Various outlets report on the ambitious first 100-day roadmap of the government announced last month by Prime Minister Matata Ponyo. (For a good analysis see Trefon.) The roadmap outlines six goals to further the government's agenda of promoting redistribution of income with sustainable growth. Most journals are suitably skeptical, but some are hopeful that the goals may inject some needed accountability into the political system. L'Avenir calls the PM's roadmap a "sword of Damocles" hanging over the newly named ministers, "who are now accountable to the whole nation," while La Republique calls it a crazy stunt.
Congo Opinion reports that the CNDP has resigned from the presidential majority coalition in the national assembly.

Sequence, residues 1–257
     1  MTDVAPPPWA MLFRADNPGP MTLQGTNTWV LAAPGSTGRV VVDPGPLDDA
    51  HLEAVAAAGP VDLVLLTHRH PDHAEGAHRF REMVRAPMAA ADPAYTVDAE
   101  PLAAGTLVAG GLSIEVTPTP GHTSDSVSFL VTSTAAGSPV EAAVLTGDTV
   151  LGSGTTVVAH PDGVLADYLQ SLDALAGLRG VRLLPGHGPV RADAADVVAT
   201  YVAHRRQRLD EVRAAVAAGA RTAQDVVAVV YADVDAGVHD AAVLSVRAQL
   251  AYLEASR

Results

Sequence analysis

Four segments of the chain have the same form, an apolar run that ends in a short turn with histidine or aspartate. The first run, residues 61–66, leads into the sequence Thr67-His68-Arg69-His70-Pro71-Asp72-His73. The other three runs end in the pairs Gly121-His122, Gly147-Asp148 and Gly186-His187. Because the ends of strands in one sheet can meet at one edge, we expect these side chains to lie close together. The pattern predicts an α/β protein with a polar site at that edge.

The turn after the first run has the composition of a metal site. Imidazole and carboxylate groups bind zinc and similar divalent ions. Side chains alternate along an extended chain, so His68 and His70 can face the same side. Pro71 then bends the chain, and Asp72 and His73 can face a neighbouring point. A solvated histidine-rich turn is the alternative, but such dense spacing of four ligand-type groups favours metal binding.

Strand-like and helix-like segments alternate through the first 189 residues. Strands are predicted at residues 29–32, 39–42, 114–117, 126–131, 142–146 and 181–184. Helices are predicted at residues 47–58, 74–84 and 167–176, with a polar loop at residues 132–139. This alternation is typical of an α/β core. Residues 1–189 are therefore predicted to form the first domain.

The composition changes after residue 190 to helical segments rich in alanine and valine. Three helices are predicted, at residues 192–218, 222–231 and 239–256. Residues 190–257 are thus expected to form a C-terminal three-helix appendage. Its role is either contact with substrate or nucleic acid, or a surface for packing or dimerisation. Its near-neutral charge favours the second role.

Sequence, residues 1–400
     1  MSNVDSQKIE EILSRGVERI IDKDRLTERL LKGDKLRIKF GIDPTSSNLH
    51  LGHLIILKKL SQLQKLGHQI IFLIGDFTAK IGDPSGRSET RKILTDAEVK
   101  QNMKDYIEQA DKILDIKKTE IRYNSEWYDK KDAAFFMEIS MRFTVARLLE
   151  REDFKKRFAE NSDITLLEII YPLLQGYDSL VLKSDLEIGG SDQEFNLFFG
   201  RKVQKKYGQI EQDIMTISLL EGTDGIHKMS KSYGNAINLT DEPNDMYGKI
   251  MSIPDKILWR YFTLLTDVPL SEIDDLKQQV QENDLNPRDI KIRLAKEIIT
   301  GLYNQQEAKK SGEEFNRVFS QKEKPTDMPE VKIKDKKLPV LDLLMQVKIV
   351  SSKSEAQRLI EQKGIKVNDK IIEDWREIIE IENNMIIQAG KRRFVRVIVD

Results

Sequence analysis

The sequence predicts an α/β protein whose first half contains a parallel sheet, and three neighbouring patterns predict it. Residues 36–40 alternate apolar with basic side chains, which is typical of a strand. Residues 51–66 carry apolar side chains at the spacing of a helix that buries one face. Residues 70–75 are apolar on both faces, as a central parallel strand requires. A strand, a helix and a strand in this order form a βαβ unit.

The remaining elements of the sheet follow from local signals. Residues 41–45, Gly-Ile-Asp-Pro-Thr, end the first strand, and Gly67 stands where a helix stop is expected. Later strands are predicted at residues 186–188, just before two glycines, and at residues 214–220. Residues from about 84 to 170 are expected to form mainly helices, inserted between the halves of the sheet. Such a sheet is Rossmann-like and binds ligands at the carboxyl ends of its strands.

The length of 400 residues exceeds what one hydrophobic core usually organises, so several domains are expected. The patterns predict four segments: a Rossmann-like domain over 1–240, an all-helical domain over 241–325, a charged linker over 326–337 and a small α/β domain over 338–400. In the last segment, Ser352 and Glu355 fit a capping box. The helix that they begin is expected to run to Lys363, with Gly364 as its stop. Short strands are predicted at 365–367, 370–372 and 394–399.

Le Congolais reports that the opposition, including UDPS-FAC and the UNC, hasn't yet been able to agree on a spokesperson.
The BBC has a nice piece on rural Congolese women who have established local savings and loan associations. They receive training from an international NGO but all the money they assemble and loan out to each other is their own.
Uhaki News reports that food prices are shooting up in Goma, as a result of the region's growing insecurity.
This past weekend was the second anniversary of Floribert Chibeya's assassination, which was observed in Kinshasa with a mass and a convocation. An op-ed in Le Potential notes that his killer remains unknown. The executive director of Vois des Sans Vois, Rostin Manketa, took the occasion to call on the national assembly to pass a bill to protect human rights defenders.
In happier news, for the first time in 14 years, plans are in place to select a Miss Congo on June 23 in Kinshasa, to represent the country in the Ms. World contest in China this October.